Wednesday, September 19, 2012

Article for NW Runner, Sept. 2012 issue: Coping With Injuries

Here's an article I recently wrote and illustrated for Northwest Runner Magazine (Sept. 2012 issue), about coping with running injuries:(click to enlarge)


Two years. Actually, closer to two and a half years. That’s how long I’ve been perpetually ‘recovering’ from my most recent running-related injury. During this time, as I’ve attempted to rehab and get back into running, I’ve experienced setbacks and triumphs. I’ve worn a walking boot, had x-rays and MRI’s, gone through two physical therapists, stopped running completely for months at a time, decided that running isn’t for me, decided that I can’t live without running, and continued to hold on tight as the emotional roller coaster whipped me around like a…well, like something that gets whipped around a lot. The injury-in-question came about partially due to genetics, and partially due to biomechanical issues. It manifested during a period of high mileage and hill training in preparation for my first (and only, thus far) marathon. I completed my marathon, but ever since, my injury has been hanging on like a stubborn cowboy riding a psychotic bull. And not just for eight seconds. And with no rodeo clown in sight. I think I’ve successfully hog-tied this simile…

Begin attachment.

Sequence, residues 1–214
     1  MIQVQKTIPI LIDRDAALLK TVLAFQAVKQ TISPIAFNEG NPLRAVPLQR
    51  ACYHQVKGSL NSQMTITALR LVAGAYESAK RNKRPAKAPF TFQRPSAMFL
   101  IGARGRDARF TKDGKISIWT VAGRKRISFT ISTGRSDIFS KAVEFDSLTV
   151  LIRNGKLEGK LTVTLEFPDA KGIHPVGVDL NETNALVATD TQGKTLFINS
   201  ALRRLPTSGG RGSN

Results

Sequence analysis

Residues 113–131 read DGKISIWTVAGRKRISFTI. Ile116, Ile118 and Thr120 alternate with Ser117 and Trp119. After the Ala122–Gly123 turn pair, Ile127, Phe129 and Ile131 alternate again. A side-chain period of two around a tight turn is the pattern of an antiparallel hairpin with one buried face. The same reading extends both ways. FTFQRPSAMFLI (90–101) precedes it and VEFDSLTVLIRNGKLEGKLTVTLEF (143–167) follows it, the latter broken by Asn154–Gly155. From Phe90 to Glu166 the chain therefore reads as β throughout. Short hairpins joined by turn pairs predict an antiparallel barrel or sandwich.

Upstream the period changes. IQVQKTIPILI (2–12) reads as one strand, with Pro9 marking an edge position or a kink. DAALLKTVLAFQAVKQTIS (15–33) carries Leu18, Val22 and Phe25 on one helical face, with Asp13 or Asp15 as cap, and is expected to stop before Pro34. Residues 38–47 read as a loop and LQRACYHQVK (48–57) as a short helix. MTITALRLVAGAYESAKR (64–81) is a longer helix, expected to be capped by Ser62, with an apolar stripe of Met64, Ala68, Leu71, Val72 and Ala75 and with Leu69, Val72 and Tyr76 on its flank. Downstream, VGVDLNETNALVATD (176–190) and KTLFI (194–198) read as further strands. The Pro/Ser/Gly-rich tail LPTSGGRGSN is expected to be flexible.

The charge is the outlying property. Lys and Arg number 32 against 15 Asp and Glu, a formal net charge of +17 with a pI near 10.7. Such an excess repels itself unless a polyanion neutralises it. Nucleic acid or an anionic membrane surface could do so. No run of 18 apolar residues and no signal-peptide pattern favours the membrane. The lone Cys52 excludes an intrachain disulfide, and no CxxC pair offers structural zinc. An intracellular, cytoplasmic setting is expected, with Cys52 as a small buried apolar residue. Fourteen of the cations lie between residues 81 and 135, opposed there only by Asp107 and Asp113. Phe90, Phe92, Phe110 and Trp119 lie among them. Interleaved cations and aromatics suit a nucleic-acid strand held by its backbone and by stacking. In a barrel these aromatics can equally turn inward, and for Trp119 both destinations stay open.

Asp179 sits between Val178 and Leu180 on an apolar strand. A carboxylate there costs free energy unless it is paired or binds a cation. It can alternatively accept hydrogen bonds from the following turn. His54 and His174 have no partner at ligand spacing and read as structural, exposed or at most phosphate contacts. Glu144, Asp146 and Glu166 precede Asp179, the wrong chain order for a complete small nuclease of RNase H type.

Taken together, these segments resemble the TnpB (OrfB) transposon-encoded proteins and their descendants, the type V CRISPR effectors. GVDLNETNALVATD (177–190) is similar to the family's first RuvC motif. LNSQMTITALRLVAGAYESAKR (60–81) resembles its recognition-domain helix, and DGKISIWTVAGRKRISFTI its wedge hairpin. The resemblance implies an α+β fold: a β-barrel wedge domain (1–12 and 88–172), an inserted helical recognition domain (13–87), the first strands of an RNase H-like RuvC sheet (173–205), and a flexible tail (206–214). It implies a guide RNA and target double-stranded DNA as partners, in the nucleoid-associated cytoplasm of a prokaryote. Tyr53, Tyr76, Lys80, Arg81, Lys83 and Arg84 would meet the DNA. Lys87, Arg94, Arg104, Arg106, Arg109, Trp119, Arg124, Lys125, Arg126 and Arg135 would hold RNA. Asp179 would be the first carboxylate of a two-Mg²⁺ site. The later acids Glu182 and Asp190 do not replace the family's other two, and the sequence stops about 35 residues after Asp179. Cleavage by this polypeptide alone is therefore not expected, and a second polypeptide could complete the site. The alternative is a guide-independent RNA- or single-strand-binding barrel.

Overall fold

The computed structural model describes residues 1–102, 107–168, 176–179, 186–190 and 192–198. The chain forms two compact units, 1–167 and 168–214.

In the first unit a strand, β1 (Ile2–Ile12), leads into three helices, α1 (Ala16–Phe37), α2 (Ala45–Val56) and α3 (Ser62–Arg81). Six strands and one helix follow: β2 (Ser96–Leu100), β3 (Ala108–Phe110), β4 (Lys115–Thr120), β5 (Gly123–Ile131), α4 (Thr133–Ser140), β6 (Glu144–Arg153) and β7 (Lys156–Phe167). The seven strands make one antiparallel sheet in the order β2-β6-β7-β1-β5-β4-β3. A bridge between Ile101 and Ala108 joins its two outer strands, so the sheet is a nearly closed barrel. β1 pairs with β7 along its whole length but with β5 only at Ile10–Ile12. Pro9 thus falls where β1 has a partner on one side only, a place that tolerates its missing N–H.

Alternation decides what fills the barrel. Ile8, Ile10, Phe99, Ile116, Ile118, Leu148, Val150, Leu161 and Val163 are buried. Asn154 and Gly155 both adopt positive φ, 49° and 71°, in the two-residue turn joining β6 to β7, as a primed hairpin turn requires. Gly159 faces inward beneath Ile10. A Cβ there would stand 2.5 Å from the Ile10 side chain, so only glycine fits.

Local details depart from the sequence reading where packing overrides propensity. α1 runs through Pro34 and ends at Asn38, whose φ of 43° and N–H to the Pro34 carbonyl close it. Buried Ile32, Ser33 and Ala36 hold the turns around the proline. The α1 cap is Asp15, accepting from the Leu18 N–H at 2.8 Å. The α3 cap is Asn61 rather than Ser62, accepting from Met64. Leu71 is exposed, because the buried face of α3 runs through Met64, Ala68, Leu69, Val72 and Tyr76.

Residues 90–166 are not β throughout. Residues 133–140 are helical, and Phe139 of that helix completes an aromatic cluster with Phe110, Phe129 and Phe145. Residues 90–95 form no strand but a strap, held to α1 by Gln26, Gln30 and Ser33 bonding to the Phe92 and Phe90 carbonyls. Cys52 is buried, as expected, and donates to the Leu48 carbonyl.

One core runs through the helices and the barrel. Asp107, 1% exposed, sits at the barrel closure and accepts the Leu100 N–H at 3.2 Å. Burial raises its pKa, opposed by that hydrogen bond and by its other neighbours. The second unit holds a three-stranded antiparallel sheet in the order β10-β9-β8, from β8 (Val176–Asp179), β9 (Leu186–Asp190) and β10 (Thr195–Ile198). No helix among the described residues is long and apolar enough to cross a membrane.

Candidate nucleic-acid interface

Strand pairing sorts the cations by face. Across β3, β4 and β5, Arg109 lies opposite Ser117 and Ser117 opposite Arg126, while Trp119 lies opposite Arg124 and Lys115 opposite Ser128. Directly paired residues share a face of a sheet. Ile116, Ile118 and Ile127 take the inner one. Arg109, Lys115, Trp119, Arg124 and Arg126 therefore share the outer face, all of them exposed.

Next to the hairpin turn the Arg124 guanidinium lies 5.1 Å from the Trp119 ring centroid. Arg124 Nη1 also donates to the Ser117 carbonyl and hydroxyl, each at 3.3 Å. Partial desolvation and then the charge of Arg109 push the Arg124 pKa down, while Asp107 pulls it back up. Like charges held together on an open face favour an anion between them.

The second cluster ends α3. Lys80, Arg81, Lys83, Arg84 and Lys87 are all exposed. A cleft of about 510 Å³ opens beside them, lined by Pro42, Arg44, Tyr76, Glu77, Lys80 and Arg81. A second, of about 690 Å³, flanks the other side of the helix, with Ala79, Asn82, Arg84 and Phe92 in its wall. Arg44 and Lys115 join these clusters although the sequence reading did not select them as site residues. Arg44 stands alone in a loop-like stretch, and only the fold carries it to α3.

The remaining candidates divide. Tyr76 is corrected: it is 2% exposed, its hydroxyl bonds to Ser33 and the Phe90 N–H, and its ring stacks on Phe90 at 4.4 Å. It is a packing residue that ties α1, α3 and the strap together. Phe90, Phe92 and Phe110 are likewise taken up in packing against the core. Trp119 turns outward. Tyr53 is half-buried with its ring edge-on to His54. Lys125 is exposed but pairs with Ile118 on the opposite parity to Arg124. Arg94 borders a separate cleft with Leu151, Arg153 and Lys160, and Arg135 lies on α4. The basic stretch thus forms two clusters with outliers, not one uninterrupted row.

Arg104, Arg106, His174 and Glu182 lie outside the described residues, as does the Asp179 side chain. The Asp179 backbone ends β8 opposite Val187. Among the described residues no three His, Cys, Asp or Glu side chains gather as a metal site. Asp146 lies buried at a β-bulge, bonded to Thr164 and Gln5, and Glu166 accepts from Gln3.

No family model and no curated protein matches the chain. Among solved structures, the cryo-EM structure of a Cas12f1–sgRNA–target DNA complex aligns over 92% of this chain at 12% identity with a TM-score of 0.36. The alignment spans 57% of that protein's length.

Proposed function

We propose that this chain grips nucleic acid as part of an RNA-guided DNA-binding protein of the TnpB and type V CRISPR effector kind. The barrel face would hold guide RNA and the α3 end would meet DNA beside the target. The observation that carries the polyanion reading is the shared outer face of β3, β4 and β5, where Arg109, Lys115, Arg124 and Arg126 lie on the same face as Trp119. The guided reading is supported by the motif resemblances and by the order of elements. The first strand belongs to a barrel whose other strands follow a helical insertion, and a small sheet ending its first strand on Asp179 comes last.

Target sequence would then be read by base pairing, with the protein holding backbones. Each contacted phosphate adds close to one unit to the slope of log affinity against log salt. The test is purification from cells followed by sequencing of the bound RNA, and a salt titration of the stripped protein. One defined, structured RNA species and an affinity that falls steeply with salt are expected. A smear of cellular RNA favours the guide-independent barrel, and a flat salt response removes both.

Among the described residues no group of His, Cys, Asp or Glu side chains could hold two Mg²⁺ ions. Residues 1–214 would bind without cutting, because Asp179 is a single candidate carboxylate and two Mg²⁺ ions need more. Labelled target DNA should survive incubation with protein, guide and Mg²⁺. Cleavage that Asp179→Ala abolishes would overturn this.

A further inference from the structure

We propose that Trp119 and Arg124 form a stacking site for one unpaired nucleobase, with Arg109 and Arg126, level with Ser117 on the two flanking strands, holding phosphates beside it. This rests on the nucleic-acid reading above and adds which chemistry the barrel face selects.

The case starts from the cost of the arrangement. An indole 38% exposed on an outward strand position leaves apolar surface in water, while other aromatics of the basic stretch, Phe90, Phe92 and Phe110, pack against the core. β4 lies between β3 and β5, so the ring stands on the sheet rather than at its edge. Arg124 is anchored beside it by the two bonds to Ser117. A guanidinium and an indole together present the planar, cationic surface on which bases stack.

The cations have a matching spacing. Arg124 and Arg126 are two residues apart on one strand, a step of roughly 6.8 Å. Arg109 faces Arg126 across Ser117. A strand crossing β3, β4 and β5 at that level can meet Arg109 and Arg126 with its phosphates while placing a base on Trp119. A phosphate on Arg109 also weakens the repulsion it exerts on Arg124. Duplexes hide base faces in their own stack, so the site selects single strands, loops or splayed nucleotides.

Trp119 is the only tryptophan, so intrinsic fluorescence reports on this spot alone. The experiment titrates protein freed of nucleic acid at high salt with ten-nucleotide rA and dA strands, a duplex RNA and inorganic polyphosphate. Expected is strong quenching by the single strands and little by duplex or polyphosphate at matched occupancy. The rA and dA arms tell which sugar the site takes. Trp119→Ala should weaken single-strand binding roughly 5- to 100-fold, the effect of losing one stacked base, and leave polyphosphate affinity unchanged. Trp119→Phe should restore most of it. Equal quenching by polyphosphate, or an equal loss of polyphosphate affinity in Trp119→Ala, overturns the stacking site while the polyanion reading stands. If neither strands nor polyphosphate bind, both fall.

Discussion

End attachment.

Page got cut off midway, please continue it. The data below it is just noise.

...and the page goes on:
I’m currently caught in a cycle of trying to gradually increase my training distance and frequency, while my body protests whenever it thinks I might be pushing just a tad too much. I'm also caught in a cycle of recording ridiculous TV shows on my DVR that I know I'll never watch. But that's a story for another publication. Or a therapist.

If you’ve run for any significant length of time, you can probably relate to my story. We runners get injured. It comes with the territory. Running is good for our health, fitness and well-being, but it can also be hard on the body, unless you're one of those genetic freaks that never gets a calf twinge or an achy knee. If that’s your story, I am in awe of you…and I despise you. I’m kidding. Come back!